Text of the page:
Articles

  • To blanket or not to blanket

    Written By: Marcia Hathaway, PhD, University of Minnesota

    horse winter drinking water

    We have received numerous questions lately regarding blanketing. A horse's winter coat can be an excellent insulator, but its insulating value is lost if it gets wet. It is important to keep the horse dry and sheltered from moisture. Continue reading

  • The risk of administering intramuscular banamine

    Written By: Raffa Teixera DVM & Stephanie Valberg DVM, PhD, University of Minnesota

    Figure 1. This horse has swelling and gas under the skin. Figure 1. This horse has swelling and gas under the skin.

    Flunixin meglumine (Banamine) is a nonsteroidal anti-inflammatory agent that is very effective for the relief of pain, inflammation and fever in horses. Continue reading

  • A Dozen Eggs - Why Are They Sold In A Dozen?

    Written By Lisa Steele of Fresh Eggs Daily

    why-are-eggs-sold-by-the-dozen

    The number twelve has had special significance for man since the ancient times, from Jesus' twelve apostles to twelve full moons per year and twelve months in a year. There are twelve inches in a foot and twelve hourly divisions on a clock.  There are twelve zodiac signs, twelve tribes of Israel and twelve Knights of the Round Table. There are twelve days of Christmas. But what does any of that have to do with why eggs are sold by the dozen? Continue reading

  • Fall Grasses Increase Risk of Laminitis

    Written By: Juliet M. Getty , PhD.

    As temperatures begin to dip, Dr. Juliet Getty, equine nutrition specialist, wants your horse to make the transition to winter feeding in good shape, and that means understanding about the sugar and starch that lurk in your fall pasture growth.  If you have horses that are overweight, insulin resistant, or suffer from equine Cushing’s disease, you know about keeping them off of spring grasses. The non-structural carbohydrate (NSC) content is too high for free-choice grazing to be safe, increasing the risk for laminitis. But don’t think you're out of the woods once spring is over. True, summer is safer, but as early fall nights cool down below 40 degrees F for the majority of the night, the dangerous carbohydrates once again increase. Grass accumulates NSC (sugars and starch) as it is exposed to sunlight. The levels reach a peak in the late afternoon. During the dark hours, the grass uses this fuel for itself, and by morning, the levels are at their lowest. But cold nights prevent grass from using as much NSC, resulting in a higher NSC concentration during the day. Don’t be fooled by the brown grass you see in the late fall. Spread it apart and you’ll likely see some green at the base, which is high in sugar and starch. If it hasn’t rained in a while, your grass will look dried out; but be careful – dry grass can actually have a higher NSC percentage than long, lush-looking grass. Continue reading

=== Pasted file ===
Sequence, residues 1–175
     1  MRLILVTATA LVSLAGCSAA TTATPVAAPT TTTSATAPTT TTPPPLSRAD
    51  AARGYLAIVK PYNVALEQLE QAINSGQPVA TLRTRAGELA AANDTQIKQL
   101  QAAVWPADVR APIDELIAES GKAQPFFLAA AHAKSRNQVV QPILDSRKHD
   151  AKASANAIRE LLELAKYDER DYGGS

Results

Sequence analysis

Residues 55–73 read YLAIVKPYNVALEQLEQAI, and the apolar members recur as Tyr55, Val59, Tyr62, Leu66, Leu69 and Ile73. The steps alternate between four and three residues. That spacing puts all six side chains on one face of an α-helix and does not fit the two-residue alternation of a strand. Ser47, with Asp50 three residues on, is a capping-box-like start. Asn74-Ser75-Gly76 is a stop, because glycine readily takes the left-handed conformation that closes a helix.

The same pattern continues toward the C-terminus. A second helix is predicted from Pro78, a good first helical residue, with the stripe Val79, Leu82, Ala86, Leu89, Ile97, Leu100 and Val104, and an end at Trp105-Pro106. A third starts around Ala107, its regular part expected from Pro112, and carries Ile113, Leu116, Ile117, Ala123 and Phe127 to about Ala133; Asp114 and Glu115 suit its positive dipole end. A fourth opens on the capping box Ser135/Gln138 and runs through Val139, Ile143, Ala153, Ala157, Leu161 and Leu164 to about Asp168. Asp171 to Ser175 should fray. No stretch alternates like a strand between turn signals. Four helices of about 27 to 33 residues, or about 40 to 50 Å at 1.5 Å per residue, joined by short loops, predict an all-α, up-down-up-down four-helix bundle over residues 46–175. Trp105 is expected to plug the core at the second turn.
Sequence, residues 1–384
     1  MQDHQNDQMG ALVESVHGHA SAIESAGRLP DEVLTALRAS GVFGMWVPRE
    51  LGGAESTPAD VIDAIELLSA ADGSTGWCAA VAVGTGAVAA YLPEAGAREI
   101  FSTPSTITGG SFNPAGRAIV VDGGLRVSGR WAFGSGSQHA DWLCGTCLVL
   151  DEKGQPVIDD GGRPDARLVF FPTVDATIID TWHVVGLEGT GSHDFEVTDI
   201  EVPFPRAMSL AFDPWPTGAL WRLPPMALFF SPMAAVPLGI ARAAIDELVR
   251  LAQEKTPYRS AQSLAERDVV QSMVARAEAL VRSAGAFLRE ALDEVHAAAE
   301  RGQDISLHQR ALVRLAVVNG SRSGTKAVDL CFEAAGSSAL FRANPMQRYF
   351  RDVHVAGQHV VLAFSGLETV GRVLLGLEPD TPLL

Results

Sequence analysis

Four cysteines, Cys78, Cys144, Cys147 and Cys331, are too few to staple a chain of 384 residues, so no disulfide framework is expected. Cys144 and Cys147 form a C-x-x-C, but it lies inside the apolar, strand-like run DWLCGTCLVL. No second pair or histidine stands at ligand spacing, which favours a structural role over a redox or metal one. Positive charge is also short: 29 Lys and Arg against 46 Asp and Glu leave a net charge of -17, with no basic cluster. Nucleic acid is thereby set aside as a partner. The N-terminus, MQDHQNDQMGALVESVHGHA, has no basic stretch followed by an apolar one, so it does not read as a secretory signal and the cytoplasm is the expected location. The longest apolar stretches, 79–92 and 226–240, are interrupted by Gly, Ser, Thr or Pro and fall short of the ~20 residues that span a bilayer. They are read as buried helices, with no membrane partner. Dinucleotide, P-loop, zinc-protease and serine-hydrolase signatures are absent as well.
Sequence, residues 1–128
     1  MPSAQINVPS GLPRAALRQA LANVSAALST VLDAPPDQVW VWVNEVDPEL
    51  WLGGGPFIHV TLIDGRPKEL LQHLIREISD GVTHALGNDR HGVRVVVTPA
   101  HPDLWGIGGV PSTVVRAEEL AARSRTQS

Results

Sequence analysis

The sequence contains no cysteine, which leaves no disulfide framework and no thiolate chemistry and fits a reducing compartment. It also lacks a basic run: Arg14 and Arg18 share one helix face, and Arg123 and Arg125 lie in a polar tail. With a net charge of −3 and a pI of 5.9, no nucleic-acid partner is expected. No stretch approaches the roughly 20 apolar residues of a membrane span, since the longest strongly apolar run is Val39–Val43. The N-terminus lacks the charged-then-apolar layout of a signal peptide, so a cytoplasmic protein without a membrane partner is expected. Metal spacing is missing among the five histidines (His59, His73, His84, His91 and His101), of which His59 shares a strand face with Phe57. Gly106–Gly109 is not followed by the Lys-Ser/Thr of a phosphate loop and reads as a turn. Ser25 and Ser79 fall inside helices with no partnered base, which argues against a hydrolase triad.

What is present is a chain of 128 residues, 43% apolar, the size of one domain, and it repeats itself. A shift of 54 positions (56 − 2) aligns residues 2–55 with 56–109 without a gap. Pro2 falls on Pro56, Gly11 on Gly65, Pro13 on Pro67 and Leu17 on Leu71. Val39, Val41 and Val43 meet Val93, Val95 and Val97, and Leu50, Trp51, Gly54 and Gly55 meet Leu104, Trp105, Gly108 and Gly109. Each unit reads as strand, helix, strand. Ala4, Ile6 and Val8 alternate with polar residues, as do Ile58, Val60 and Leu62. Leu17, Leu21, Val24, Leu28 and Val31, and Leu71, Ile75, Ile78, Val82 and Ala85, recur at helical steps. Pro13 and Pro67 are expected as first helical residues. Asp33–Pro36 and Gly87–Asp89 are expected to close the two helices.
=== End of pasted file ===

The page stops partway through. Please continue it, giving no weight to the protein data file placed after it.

• On the Move

    Written By Jenny Pavlovic

    Over the summer I was offered a new job in Wisconsin, the state where I grew up. I wanted to move back closer to my family, and I love the Madison area. So in September, after I had lived in Minnesota for 31 years, and in the same house for almost 26 years, we made the move to Wisconsin. Continue reading

  • STRAIGHT TALK ABOUT EQUINE DENTISTRY

    Written By Walt Friedrich

    Horse by the dentist

    Ah, this time it’s one of everyone’s least favorite subjects – equine dentistry. But as with our own human dentistry, it must be faced – it’s an important part of the responsibility we take on when we make a home for and share our lives with horses. Continue reading

  • Caring for a horse on a budget

    Written By J. Wilson, DVM and K. Martinson, PhD, University of Minnesota

    Owning a horse is a major responsibility, and a significant investment of both time and money. Most owners do not generate income from their horse, but are intent on spending time with their equine companion. During tough economic times, horse owners need to explore and implement options to reduce costs. Continue reading

  • Training a Mustang - Considerations from Monty Roberts

    Q/A from Monty Roberts Newsletter

    “Image courtesy of Monty and Pat Roberts Inc.”*PHOTO CREDITS: Christopher Dydyck “Image courtesy of Monty and Pat Roberts Inc.”*PHOTO CREDITS: Christopher Dydyck

    Continue reading

  • The Cost of Horse Ownership

    WRITTEN BY: Julie Christie, MS, Rochester Community and Technical College

    With the dwindling economy and increasing price of hay and fuel, the cost of buying a horse has decreased. The costs and responsibilities associated with owning a horse, however, have not decreased, but increased. On a yearly basis, how much money does it cost to own a horse? Continue reading

  • USRider: A Look at Horse Trailer Accidents

    Like everything you would prepare for a show, you should prepare the same for an accident. Are you going on a longer than normal trip? Gather your resources. Make a travel plan and where you plan to overnight. Locate veterinarians along your route and load the closer ones into your phone or write them down. If you somehow run into a situation where you are unable to find a veterinarian, a stabling facility may have a few names for you. Continue reading

Items 21 to 30 of 283 total

Page:
  1. 1
  2. 2
  3. 3
  4. 4
  5. 5
  6. ...
  7. 29